The effects of post-learning alcohol ingestion on motor memory consolidation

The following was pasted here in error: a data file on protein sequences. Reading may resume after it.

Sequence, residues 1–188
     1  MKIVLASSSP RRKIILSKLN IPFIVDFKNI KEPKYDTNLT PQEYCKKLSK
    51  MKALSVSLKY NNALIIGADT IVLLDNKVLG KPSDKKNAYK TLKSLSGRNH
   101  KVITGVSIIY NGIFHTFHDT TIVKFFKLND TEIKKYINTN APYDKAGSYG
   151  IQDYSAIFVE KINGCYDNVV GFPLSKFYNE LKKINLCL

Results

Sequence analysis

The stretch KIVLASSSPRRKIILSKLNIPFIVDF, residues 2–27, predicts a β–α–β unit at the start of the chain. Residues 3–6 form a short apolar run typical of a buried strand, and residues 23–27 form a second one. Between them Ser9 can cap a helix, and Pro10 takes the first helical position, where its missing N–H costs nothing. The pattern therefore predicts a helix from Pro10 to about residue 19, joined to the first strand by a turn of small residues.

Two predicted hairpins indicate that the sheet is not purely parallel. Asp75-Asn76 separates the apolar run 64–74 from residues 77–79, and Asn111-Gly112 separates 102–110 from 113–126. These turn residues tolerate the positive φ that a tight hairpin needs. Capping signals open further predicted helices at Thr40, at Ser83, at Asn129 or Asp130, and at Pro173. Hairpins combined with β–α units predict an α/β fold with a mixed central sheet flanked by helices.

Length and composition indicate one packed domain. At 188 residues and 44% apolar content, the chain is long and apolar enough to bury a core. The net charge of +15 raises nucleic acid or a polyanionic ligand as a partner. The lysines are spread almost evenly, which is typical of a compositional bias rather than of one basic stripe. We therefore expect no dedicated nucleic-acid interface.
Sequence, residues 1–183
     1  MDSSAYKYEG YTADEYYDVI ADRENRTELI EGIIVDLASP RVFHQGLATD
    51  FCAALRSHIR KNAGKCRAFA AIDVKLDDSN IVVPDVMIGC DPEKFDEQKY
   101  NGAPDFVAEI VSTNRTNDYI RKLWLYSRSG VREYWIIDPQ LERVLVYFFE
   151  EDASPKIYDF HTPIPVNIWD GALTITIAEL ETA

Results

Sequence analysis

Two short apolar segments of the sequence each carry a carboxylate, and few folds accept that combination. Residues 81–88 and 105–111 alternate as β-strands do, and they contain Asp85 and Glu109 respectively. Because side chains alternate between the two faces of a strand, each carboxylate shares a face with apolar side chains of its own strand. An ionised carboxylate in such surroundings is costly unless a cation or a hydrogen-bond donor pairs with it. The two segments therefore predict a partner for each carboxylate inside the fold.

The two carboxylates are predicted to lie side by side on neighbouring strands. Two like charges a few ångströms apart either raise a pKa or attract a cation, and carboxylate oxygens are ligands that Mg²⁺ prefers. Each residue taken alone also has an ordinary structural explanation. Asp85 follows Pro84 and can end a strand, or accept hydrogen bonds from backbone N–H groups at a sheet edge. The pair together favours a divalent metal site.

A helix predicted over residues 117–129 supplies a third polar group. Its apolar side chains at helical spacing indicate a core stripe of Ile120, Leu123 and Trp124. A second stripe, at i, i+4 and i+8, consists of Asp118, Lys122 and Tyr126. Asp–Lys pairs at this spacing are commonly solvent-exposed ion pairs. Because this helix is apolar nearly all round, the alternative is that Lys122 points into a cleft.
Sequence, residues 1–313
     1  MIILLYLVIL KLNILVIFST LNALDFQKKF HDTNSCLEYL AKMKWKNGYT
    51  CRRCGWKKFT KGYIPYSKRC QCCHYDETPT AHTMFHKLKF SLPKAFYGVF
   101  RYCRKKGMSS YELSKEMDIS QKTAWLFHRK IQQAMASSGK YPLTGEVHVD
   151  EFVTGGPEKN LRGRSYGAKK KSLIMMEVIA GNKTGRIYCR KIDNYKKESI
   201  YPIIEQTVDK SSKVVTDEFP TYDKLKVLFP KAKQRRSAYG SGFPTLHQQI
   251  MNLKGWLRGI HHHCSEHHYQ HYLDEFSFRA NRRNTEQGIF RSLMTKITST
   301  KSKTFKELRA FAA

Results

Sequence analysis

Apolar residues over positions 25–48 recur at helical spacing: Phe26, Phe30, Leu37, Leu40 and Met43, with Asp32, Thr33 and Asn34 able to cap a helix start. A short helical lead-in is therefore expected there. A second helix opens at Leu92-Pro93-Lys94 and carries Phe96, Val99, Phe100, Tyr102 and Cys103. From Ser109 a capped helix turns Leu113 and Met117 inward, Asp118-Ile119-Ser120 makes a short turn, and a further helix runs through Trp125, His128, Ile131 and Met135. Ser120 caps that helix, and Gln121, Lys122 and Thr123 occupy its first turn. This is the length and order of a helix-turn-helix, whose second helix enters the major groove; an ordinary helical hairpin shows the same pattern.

Memory consolidation refers to the ensemble of neuroplastic phenomena that take part following learning that allow newly formed memories to transform into long-term memories. However, the mechanisms of this process for human motor memories remain elusive. Interestingly, human studies on declarative memories indicate that pharmacological interventions seeking to increase GABAergic activity immediately post-learning enhance memory consolidation in a dose- dependent manner. This study sought to evaluate if such intervention can also enhance motor memory consolidation by testing the following hypothesis: post-learning alcohol consumption – a pharmacological agent known to increase GABAergic activity, amongst other actions – will dose-dependently enhance motor memory consolidation as compared to a placebo condition. To that purpose, a fully within-subject and counterbalanced design was carried out where participants (n = 24) had to adapt to a gradually introduced visual deviation and then ingest a beverage that either contained no alcohol (Placebo), a Moderate or a High dose of alcohol. The alcohol doses were sex- and body weight-adjusted to reach a peak blood alcohol concentration of 0.000%, ~0.050%, and ~0.100% for the Placebo, Moderate, and High conditions, respectively. To assess consolidation, retention was measured 24h later through reach aftereffects. Results revealed that, in absence of performance differences upon initial learning, there were no significant differences in retention, between conditions, 24h after initial learning. These results suggest that post-learning alcohol ingestion does not enhance motor memory consolidation. One possibility is that an intervention seeking to increase GABAergic activity immediately post- learning does not facilitate the neuroplastic phenomena mediating memory.